How Reggio Emilia’s Program Aligns with the Early Years Learning Framework
The Reggio Emilia Approach is named after its place of origin, Reggio Emilia, which is a city located in Emilia Romagna in Northern Italy. It is based on the pedagogical practices and beliefs of Loris Malaguzzi who believed that your child will help set the curriculum. The basis of the Reggio Emilia Approach is to co-construct the curriculum with the children and their families to stimulate a free and open-sourced style of learning. Children are encouraged to develop skills in problem-solving, hypothesising, critical reflection and collaboration.
The Early Years Learning Framework (commonly known as EYLF), together with the National Quality Standard (or NQS), form the policies around early childhood education in Australia. The EYLF is made up of learning outcomes and principles and practices which educators use in their documentation of children’s learning and in their reflection and planning. Reggio Emilia’s educational approach and the EYLF in Australia share several key principles and philosophies, which contribute to their alignment.
Both the Reggio Emilia Approach and the EYLF exhibit a child-centred philosophy that positions the child as an engaged and capable learner. The framework advises engaging, child-centred curriculums are created when educators plan, analyse, and assess children’s learning and critically reflect and evaluate planning and practice for and with children. Reggio Emilia Early Learning Centres respect a child’s unique interests, abilities, and learning styles, encouraging them to take an active role in their own learning. Unlike other philosophies, the Reggio Emilia Approach encourages that children should be treated as active collaborators and not subjects or passive observers. The main job of the educator is to listen and observe the children whilst also questioning and waiting for opportunities to encourage further exploration of their interests.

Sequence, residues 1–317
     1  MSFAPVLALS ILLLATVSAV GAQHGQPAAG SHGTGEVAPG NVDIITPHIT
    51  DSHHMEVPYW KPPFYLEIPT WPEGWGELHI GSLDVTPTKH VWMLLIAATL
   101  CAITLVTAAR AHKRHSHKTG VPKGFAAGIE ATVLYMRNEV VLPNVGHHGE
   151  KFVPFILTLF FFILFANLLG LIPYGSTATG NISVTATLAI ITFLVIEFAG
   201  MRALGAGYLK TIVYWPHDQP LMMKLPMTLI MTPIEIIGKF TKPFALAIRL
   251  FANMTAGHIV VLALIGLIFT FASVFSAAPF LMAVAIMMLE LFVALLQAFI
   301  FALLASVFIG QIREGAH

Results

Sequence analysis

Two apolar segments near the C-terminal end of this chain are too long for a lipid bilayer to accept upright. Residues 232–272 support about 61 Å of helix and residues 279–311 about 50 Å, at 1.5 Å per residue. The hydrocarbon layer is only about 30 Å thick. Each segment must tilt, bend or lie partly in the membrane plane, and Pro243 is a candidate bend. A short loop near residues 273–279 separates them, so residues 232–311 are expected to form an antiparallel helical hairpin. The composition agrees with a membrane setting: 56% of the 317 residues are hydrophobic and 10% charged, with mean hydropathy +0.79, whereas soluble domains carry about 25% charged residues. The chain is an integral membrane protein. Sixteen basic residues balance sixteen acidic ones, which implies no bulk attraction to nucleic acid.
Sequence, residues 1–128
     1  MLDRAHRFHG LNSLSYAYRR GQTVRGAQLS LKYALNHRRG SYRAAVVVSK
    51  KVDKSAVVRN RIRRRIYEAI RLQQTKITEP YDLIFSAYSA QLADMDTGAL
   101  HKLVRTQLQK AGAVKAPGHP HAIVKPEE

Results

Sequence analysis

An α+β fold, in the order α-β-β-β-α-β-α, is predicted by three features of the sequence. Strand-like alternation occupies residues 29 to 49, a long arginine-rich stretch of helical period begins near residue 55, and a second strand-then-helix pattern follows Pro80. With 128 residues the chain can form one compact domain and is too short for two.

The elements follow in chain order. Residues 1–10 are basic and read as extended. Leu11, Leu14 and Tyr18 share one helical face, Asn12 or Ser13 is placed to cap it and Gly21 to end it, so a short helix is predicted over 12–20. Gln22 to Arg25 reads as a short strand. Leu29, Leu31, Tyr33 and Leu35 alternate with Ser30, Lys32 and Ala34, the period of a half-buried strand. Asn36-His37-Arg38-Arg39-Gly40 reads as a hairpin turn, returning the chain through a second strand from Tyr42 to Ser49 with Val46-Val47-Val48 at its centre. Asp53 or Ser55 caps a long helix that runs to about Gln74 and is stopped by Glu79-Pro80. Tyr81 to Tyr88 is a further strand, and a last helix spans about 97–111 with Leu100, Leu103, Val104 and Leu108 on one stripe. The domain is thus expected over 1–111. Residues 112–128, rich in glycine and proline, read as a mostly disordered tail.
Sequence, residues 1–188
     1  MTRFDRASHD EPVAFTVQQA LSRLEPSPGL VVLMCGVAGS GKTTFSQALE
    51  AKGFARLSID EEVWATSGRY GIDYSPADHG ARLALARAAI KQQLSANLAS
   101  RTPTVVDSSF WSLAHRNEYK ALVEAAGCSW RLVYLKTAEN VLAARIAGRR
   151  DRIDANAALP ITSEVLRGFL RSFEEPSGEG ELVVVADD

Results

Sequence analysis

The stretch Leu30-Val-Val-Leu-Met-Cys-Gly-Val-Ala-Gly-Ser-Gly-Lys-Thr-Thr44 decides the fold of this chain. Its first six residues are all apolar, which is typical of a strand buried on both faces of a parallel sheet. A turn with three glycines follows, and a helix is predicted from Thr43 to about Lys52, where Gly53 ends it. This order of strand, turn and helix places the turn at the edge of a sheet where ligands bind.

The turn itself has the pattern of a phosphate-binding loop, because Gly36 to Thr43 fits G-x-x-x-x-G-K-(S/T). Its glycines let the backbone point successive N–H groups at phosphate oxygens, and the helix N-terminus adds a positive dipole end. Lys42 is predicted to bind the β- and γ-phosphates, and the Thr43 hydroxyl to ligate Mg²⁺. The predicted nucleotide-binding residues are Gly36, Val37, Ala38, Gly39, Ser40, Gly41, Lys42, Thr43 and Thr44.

The EYLF promotes holistic development by recognising that children are capable and competent learners in all areas of development and encourages educators to foster their growth as whole individuals. The EYLF outcomes and principles emphasise the importance of the physical, emotional, and psychological well-being of children, particularly in early childhood. The Reggio Emilia Approach focuses on the connectedness of a child’s mind, body, and spirit, embracing their real and authentic development. Whenever a child takes a natural interest in interacting with something or doing a certain action, we aim to encourage and add to this interest. Our Program is enhanced by extracurricular enrichment activities known as the Reggio 5, allowing our children to develop skills in areas beyond the traditional learning environment.
Collaborative Learning and Documentation: